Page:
FAQ

Frequently Asked Questions


What is Title Insurance?

Title insurance protects you against covered title defects, like a previous owner’s debt, liens, and other claims of ownership that may have been instituted prior to purchasing your home.

 

How is it different than traditional insurance policies?

Title insurance protects against past problems, whereas other insurances, like property and casualty, deal with future risk. You also pay for an owner’s policy of title insurance once; there are no ongoing premiums.

 

What types of policies?

Loan Policy- This policy is required by a mortgage lender to protect against title defects that could affect the lien of the lender’s mortgage.

Owner’s Policy- A separate policy that helps protect you against title defects that could affect your ownership rights.

 

How long does the policy last?

Loan Policy- Effective for the life of the loan.

Owner’s Policy- Lasts as long as you or your heirs retain an interest in the property or remain liable for any warranties.

 

What does it cost?

The average cost of a loan policy is $3.50 per $1,000. The average cost of owner’s policy is $2.50 per $1000 of the purchase price. However, the price can vary depending on property value and location, along with state regulations. If you would like to get an estimate on how much your closing costs would be, check out this closing cost calculator.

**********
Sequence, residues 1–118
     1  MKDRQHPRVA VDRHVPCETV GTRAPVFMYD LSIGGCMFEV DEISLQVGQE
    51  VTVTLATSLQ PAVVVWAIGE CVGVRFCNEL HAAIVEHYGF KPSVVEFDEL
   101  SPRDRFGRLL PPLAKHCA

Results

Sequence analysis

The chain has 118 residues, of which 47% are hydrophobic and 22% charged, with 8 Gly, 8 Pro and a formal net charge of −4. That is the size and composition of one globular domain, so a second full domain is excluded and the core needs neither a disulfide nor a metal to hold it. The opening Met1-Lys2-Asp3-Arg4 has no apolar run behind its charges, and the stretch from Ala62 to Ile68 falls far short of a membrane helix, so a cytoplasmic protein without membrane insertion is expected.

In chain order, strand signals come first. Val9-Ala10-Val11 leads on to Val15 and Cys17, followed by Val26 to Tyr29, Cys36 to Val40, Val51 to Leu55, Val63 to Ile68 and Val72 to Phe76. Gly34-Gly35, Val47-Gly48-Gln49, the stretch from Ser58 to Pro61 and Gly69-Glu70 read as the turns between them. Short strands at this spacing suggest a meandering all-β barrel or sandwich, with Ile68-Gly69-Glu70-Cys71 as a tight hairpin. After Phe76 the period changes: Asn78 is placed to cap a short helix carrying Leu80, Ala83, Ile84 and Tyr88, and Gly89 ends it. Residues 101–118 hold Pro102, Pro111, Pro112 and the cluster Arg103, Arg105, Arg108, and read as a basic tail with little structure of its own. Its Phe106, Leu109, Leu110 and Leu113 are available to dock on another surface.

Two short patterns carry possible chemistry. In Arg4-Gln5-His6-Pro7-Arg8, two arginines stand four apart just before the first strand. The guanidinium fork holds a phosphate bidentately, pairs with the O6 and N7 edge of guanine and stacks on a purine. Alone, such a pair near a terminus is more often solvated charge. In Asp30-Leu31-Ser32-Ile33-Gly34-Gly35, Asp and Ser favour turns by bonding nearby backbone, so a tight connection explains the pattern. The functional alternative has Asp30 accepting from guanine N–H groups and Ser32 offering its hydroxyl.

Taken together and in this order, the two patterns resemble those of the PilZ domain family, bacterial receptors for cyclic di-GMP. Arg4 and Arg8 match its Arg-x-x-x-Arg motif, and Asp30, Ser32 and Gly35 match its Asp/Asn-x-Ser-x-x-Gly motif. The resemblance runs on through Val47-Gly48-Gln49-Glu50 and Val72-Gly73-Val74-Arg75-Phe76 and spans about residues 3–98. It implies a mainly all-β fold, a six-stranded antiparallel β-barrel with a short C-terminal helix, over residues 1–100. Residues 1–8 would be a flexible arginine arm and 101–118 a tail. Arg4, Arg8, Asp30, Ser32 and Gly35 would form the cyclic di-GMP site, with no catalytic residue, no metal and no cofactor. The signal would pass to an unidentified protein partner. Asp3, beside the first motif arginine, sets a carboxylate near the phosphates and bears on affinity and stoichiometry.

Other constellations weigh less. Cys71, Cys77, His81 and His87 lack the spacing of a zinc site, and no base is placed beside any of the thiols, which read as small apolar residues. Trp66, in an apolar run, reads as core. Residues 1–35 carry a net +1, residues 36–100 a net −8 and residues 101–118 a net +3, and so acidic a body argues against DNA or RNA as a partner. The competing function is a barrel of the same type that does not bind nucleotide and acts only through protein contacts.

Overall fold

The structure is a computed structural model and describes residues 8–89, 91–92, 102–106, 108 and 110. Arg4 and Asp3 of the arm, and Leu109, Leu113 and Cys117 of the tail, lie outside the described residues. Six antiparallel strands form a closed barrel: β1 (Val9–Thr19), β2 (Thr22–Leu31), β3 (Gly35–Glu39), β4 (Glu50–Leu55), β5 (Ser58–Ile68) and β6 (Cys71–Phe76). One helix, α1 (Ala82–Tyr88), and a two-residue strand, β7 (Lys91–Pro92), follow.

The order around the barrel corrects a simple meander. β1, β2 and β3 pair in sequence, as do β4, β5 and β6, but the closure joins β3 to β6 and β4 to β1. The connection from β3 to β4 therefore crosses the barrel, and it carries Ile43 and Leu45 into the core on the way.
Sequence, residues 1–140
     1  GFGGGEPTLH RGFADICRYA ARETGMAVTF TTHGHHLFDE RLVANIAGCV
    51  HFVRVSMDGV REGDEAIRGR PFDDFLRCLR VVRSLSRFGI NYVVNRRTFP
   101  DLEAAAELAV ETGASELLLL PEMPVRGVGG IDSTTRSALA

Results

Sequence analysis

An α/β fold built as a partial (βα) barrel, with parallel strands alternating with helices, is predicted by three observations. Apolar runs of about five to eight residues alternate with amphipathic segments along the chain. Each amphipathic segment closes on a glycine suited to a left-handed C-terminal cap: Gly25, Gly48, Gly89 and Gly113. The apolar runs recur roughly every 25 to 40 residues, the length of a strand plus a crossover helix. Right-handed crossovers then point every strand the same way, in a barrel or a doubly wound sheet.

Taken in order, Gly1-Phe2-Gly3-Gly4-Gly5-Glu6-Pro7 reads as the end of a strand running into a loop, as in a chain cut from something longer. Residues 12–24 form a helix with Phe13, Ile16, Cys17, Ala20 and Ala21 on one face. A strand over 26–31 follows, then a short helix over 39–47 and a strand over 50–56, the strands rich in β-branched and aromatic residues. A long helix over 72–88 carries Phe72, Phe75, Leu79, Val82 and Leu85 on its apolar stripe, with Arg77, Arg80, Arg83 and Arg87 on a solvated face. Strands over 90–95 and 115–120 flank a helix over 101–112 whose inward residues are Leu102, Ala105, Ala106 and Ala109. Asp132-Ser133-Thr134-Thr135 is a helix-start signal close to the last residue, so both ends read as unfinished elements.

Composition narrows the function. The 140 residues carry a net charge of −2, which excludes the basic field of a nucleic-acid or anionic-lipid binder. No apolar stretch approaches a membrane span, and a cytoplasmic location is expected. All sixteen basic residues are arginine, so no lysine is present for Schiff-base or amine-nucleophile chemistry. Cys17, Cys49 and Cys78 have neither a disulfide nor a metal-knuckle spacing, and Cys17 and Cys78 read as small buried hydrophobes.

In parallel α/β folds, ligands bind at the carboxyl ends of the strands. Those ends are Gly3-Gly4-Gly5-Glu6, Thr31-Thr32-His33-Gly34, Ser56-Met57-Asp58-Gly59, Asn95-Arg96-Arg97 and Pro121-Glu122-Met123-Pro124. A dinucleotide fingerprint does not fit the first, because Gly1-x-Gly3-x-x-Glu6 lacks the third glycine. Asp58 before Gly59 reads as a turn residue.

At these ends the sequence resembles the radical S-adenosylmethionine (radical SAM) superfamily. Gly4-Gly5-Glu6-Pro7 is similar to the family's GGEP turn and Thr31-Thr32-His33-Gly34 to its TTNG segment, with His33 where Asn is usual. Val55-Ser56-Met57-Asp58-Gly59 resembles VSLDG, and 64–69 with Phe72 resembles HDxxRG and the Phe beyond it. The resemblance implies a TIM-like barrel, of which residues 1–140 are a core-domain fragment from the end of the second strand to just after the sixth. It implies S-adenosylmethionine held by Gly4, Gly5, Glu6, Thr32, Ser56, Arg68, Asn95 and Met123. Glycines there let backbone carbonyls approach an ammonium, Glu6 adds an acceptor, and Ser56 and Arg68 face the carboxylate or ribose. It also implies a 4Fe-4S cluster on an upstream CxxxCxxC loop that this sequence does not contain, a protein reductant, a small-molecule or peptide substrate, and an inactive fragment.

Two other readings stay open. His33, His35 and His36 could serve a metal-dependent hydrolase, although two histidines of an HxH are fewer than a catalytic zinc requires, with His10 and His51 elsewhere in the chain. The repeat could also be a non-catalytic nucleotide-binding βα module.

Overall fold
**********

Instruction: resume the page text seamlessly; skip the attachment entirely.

87% of purchase transactions include both a lender and an owner’s policy in 2013. 

 

What are the most common title claims?

Liens- Typically relate to the priority of a mortgage lien in relation to other such liens on the property and other types of liens attached to the property such as state or federal tax liens or other court judgments.

Basic Risks- Fraud, forgery, undisclosed heirs marital rights, recorded notices of zoning violations or building permit violations, and improper legal description of property.

Encumbrances- Defects in insured title otherwise not expected in the policy, such as missing interests, easements, or other recorded rights.

Escrow and Closing Errors- Problems due to improper execution of closing documents, improper recordings, and certain agent defalcations.

75% to 85% of claims are made within the fist 6 years of the life of the policy.

 

What it the Title Insurance Process?

First, a search of public records helps title professionals find possible title defects (also called clouds) and associated risks. On average, a title policy order closes approximately 55 to 70 days after the order is opened. We search county, state and federal records, along with court records. Afterward, we examine and identify title defects, issues with the preliminary title report/ title commitment, and identify curative actions.

Title Defects are found in 25% of real estate transactions. An in-depth title search can uncover many unknown title clouds, including liens, unpaid debts, easements, assessments, judgments, land encroachments, taxes and levies. After you settle existing liens and resolve title issues you go to close. At closing the title policy is issued, funds are dispersed, and the ownership is transferred.

 


Sources:

tdi.texas.gov/pubs/consumer/cbo58.html

alta.org/about/titleinsuranceoverview.pdf

bankrate.com/finance/insurance/4-ways-to-sace-on-title-insurance-1.aspx

trulia.com/voices/home_buying/now_the_next_question_homw_long_does_the_average_-340477

escrowhelp.com/qanda-3.html

realtor.com/home-finance/refinance/title-insurance-savings.aspx

firstam.com